George Carlin Has Achieved Philosopher StatusPosted: January 9, 2011
I have been on a George Carlin kick lately. I have been a fan since I was a teenager, but lately he has entered a very respected plateau in my book, posthumously.
His book, Last Words, was given to me over the holidays. It is fairly light reading throughout, as most celebrity bios are. But there is an aspect here that interests me. When did he shift gears? His book clarifies that until the mid to late 1950’s, George was fairly conservative. But as the 60’s began to heat up, in his words “what was inside had to become, outside.” In other words, his true feelings about the world began to change, and his critique began to grow sharper. His friendship with Jack Burns and Lenny Bruce helped to move this along, but this is when George became interesting.
As a result, we have begun to watch many of his HBO specials, mostly from his last decade. And it his views on death, religion and children, that vibrate with me the most. It is his ability to remove the veil of bullshit that I love the best.
I do not believe in genius. I think genius is something we all have locked away in us. But few people ever unloose the chains that hold what is inside us. My whole life has been about unlocking these chains. But I do not have the balls as George did, to stand on stage and air them out in public. This blog has been the closest to letting out my thoughts. Through music and art, I can express the deeper images and feelings that parade through my subconscious, but those who know me, know that even with a guitar in my lap, I say almost nothing into a microphone when on stage.
Mr. Carlin recounts the things people say to you after a loved one has died. “Well, old Bob is up there in heaven looking down on us and smiling.” He says that people never like to say that maybe he is down there looking up at us and screaming. Or “if there is anything we can do for you?” in which case George suggests you put the assholes to work.
When my father passed away, I was 23 years old. At the service, I separated myself from the crowd because of all the nonsense I was overhearing from other relatives. I wanted to sit quietly. This was a defining moment for me. So I sat off to the side in this chapel, and closed my eyes. My uncle, my fathers’ brother, sat next to me. Now this particular uncle had always had a difficult relationship with me. But here he sits down, puts his hand on my knee and says “now we won’t be strangers.” Would you believe me, that after that I never heard another word from him. He survived my dad by 12 years, but never a phone call or a word of inquiry. And I knew in that moment that what he was saying was to make himself feel better, not me.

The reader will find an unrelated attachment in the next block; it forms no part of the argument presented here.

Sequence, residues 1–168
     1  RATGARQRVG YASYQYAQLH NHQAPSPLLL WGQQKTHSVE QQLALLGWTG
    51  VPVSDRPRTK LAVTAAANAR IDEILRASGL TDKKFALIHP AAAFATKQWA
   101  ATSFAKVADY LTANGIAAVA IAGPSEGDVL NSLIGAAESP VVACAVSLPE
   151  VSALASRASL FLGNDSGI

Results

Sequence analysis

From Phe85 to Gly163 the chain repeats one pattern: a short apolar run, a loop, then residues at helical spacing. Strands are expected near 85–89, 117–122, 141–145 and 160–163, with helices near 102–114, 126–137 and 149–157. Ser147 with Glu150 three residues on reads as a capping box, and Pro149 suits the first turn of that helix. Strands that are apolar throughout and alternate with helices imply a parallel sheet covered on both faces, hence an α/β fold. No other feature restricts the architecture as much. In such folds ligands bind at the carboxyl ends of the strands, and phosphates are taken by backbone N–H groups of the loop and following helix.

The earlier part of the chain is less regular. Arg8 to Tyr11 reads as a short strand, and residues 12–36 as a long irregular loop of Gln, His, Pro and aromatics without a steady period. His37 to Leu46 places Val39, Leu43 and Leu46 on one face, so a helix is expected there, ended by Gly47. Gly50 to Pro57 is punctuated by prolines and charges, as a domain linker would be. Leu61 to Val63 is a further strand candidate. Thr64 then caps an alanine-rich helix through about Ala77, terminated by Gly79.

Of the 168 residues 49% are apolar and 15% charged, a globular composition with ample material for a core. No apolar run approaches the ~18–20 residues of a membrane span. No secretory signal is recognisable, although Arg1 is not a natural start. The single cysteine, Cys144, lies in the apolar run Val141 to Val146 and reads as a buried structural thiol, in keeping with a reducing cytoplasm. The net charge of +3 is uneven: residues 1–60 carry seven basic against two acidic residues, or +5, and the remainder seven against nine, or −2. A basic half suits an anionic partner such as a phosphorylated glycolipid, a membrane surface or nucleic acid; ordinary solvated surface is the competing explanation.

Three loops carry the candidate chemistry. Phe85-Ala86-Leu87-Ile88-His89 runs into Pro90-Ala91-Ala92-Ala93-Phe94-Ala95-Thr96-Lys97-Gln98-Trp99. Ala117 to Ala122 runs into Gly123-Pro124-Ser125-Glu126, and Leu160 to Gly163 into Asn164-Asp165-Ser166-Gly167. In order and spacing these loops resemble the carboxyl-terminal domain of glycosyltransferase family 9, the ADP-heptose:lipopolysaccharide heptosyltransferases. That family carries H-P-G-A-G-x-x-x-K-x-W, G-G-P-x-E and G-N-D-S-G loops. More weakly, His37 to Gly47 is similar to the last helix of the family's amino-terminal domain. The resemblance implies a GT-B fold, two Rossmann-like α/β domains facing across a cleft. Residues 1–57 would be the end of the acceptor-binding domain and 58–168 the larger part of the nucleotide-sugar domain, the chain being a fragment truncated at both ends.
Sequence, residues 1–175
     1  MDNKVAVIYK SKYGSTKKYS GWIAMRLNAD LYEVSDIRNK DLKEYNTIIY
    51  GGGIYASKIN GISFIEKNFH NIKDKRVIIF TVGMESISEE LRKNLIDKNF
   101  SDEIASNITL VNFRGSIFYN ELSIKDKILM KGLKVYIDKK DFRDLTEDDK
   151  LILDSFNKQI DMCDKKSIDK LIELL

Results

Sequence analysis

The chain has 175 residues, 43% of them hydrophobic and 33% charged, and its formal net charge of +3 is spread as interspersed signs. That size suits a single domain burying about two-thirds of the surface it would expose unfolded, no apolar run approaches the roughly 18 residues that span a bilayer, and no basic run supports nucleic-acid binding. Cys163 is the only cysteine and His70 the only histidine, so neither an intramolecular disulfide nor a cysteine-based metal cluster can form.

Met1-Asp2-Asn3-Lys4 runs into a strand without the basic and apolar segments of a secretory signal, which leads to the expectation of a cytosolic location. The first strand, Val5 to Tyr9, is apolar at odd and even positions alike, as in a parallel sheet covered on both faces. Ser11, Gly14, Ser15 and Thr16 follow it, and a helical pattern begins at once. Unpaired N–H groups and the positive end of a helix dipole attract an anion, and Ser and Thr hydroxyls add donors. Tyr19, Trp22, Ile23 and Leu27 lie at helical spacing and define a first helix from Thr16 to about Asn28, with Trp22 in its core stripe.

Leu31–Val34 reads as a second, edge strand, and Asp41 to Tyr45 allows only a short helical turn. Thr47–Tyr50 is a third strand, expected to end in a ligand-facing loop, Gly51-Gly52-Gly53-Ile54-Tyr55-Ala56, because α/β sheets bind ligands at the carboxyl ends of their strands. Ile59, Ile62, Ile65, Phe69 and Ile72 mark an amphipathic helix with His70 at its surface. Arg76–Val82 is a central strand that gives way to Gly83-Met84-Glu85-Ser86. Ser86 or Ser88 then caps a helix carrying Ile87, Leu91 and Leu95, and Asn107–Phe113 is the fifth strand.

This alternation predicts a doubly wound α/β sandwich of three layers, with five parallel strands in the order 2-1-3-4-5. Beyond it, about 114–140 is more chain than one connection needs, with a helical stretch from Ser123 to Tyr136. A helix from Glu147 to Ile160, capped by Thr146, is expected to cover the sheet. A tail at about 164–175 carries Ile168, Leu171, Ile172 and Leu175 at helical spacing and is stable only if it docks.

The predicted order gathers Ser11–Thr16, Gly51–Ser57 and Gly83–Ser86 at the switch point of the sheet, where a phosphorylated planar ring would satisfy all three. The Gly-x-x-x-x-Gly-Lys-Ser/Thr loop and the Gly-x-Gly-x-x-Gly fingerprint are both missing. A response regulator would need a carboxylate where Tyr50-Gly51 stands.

Another thing that George Carlin exposes to the light of truth is religion. All religion. It is not the need to have faith in something, but the fantasies that are supported by it. His review of the 10 commandments is particularly brilliant.
What I feel at this time in my life that what is important to maintain is the sense of mystery. Life is a mystery. Once I begin to act as if “I know,” then the mystery vanishes. And all the phrases, and morals that we bring to the way we do things, especially those things that involve our behavior with other people, it is important that we practice sincerity. And sincerity is difficult. It is difficult because we have not really been educated to be sincere, We have been taught to lie. Never say what you mean. Never express what you feel. If someone else can be blamed, then so be it. Truth is elusive.
As I grow older, I feel this deep need to be honest. Not just with you, but most importantly with myself. And this requires the practice of quieting myself so that I can hear the bullshit that is going through my own my mind. If I listen carefully, I can actually identify those voices. It is the fears and anxieties of my parents speaking through me. It is the condescensions of my school teachers when I am going through a difficult time, or taking on something new and difficult.It is the sound of doubt that echoes through the chambers of my soul.
But recognizing it is a good thing. It isn’t pretty, but the truth never is. And it is the truth about myself that I begin with. Once this level of honesty is struggled and maintained with myself, then the usual package of bullshit that pours forth from every orifice of the world, is easier to dismiss. And George Carlin was magnifying glass, assisting us in the painful, funny and realistic view point. And that is why I give him a place of honor at the dais of my heart. And truthfully, it is a pretty small table.